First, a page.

According to the concept of oxidation number, oxidation means increase in oxidation number – by loss of electrons and reduction means decrease in oxidation number by the gain of electrons. However, during oxidation there is decrease in electron density while increase in electron density around the atom undergoing reduction.
• Redox Reactions and Electrode Processes—Electrochemical Cells
A device in which the redox reaction is carried indirectly and the decrease in energy appears as the electrical energy are called electrochemical cell.
Electrolytic Cell. The cell in which electrical energy is converted into chemical energy. Example, when lead storage battery is recharged, it acts as electrolytic cell.
Redox Reactions and Electrode Processes. When zinc rod is dipped in copper sulphate solution redox reaction begins hence, zinc is oxidised to Zn2+ ions and Cu2+ ions are reduced to metal.
• Redox reaction. Reactions in which oxidation and reduction occur simultaneously are called redox reactions.
• Oxidation. Involves loss of one or more electrons.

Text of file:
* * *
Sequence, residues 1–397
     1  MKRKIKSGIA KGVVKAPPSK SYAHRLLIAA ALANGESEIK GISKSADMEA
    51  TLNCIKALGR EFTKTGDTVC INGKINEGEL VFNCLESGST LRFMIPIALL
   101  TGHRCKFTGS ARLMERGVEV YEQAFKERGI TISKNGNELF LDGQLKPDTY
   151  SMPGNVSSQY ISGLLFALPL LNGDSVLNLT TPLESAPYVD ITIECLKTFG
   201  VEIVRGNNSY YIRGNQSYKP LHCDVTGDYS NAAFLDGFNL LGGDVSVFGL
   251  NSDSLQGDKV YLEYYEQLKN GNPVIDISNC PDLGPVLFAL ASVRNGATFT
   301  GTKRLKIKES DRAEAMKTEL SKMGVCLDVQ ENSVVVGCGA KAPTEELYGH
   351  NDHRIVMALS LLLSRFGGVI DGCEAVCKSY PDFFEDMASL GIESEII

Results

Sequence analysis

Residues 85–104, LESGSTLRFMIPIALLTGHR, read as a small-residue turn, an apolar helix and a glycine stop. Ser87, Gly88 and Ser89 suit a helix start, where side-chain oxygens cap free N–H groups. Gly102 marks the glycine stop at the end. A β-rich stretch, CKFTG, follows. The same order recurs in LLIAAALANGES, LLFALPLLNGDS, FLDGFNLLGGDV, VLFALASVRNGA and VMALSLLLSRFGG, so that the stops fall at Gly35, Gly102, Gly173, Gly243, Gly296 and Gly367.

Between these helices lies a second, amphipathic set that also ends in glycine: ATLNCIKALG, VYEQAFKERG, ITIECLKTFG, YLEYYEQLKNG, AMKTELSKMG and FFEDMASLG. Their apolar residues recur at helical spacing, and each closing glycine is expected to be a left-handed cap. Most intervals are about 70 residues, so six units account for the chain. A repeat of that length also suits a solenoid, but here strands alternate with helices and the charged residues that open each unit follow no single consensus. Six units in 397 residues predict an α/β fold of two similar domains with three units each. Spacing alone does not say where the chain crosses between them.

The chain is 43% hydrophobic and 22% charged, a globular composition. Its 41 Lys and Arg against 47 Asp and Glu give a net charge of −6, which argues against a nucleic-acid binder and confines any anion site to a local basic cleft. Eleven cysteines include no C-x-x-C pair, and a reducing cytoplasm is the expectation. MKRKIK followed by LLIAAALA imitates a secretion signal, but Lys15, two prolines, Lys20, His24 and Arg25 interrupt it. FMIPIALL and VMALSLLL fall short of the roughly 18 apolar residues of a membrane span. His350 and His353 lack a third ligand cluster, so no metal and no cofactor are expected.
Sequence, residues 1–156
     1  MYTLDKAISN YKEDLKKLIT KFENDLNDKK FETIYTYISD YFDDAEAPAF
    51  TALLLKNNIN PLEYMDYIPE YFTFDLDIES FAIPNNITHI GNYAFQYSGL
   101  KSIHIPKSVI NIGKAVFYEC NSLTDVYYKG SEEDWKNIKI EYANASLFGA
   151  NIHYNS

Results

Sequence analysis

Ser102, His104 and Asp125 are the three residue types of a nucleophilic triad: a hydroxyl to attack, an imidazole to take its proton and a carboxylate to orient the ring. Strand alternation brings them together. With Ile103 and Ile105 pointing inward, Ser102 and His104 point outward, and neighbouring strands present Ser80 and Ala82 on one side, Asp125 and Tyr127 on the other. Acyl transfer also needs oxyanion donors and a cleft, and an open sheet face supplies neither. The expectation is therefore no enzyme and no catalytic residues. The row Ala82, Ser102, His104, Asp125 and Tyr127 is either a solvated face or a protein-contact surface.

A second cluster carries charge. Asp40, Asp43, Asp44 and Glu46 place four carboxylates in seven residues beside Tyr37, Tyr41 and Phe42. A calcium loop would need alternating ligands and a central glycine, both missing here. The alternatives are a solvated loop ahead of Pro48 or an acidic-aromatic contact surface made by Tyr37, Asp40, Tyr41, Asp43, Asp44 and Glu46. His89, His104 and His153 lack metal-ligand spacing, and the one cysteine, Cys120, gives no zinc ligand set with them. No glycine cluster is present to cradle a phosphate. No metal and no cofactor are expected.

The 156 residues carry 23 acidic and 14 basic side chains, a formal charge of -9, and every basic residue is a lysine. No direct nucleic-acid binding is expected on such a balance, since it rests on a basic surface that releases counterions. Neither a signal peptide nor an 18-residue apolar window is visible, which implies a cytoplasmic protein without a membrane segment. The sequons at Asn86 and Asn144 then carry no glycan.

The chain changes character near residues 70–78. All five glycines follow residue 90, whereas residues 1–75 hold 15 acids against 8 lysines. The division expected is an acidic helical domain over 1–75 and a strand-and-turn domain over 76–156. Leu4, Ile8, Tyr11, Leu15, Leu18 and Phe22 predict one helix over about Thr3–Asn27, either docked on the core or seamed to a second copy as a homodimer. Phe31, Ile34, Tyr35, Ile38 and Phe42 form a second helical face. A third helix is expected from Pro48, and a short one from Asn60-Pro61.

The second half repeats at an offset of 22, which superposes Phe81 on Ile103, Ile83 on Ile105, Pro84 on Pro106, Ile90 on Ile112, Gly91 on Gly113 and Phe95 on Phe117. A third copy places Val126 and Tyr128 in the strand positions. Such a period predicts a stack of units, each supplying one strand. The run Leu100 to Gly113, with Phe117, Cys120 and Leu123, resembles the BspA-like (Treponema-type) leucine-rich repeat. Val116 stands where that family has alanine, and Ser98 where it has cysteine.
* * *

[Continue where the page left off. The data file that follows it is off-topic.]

• Reduction. Involves gain of one or more electrons.
• Oxidising agent. Accepting electrons.
• Reducing agent. Losing electrons.
• Electrochemical cell. It is a device in which redox reaction is carried indirectly and decrease in energy gives electrical energy.
• Electrode potential. It is the potential difference between the electrode and its ions in solution.
• Standard electrode potential. It is the potential of an electrode with respect to standard hydrogen electrode.
• Electrochemical series. It is activity series. It has been formed by arranging the metals in order of increasing standard reduction potential value.